Guest post originally published on Fairwinds’s blog by Andy Suderman, Lead R&D engineer at Fairwinds

One of my biggest pet peeves when managing Kubernetes is when there are workloads with no resource requests and limits. I was so frustrated by this that I created Goldilocks, an open source project, to make the process of setting initial resource requests and limits easier. In this blog, I’ll talk about Kubernetes best practices for correctly setting resource requests and limits.  

Kubernetes is a dynamic system that automatically adapts to your workload’s resource utilization. Kubernetes has two levels of scaling. Each individual Kubernetes deployment can be scaled automatically using a Horizontal Pod Autoscaler (HPA), while the cluster at large is scaled using Cluster Autoscaler. HPAs monitor a target metric of individual pods within a deployment (often CPU or memory usage), and they add or remove pods as necessary to keep that metric near a specified target. Cluster Autoscaler, meanwhile, handles scaling of the cluster itself. It watches for pods that cannot be scheduled and adds or removes nodes to the cluster to accommodate those pods.

A key feature of Kubernetes that enables both of these scaling actions is the capability to set specific resource requests and limits on your workloads. By setting sensible limits and requests on how much CPU and memory each pod uses, you can maximize the utilization of your infrastructure while ensuring smooth application performance. To maximize the efficient utilization of your Kubernetes cluster, it is critical to set resource limits and requests correctly. Setting your limits too low on an application will cause problems. For example, if your memory limits are too low, Kubernetes is bound to kill your application for violating its limits. Meanwhile, if you set your limits too high, you’re inherently wasting resources by overallocating, which means you’ll end up with a higher bill.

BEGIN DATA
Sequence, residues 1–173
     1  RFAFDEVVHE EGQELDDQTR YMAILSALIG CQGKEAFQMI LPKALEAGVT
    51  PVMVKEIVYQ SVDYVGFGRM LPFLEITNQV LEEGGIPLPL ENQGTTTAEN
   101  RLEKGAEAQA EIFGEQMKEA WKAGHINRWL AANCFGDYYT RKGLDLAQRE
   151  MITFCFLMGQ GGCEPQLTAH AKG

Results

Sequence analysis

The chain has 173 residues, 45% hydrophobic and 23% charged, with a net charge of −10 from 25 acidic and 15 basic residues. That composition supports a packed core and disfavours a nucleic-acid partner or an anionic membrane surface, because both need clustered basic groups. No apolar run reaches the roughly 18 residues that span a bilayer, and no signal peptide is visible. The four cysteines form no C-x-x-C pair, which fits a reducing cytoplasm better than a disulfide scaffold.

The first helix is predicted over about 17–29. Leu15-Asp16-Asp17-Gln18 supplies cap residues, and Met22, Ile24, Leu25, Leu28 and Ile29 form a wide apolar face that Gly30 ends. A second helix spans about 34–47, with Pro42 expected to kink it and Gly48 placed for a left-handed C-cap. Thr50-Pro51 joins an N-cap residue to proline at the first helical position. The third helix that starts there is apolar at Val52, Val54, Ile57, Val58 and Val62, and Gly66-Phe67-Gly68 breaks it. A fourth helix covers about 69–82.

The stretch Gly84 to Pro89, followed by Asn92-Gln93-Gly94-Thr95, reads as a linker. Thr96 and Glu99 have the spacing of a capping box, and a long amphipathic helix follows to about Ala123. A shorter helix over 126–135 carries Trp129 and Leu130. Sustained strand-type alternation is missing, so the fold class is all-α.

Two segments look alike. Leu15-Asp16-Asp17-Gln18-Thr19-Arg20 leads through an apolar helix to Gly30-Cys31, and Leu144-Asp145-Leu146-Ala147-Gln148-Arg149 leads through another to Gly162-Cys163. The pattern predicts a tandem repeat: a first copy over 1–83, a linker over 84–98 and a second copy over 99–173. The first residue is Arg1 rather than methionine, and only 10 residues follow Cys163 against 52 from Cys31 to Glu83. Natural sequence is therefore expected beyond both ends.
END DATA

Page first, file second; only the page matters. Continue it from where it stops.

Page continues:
While Kubernetes best practices dictate that you should always set resource limits and requests on your workloads, it is not always easy to know what values to use for each application. As a result, some teams never set requests or limits at all, while others set them too high during initial testing and then never course correct. The key to ensuring scaling actions work properly is to dial in your resource limits and requests on each workload so that workloads run efficiently.

Setting resource limits and requests is key to operating applications on Kubernetes clusters as efficiently and reliably as possible.

How to Set Kubernetes Resources